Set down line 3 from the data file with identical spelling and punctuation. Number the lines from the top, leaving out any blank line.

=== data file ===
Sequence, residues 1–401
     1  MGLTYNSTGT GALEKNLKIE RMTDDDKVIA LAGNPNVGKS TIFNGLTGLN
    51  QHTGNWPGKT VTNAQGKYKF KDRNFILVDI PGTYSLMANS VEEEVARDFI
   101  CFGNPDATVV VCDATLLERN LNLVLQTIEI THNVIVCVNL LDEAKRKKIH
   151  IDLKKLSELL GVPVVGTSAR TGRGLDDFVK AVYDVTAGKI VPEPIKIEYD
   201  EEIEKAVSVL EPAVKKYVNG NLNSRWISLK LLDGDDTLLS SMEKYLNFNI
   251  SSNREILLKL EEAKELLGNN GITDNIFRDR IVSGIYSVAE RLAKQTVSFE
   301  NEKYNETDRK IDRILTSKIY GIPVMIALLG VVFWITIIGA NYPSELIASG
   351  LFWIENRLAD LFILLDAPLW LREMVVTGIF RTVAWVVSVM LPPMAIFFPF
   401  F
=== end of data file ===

    51  QHTGNWPGKT VTNAQGKYKF KDRNFILVDI PGTYSLMANS VEEEVARDFI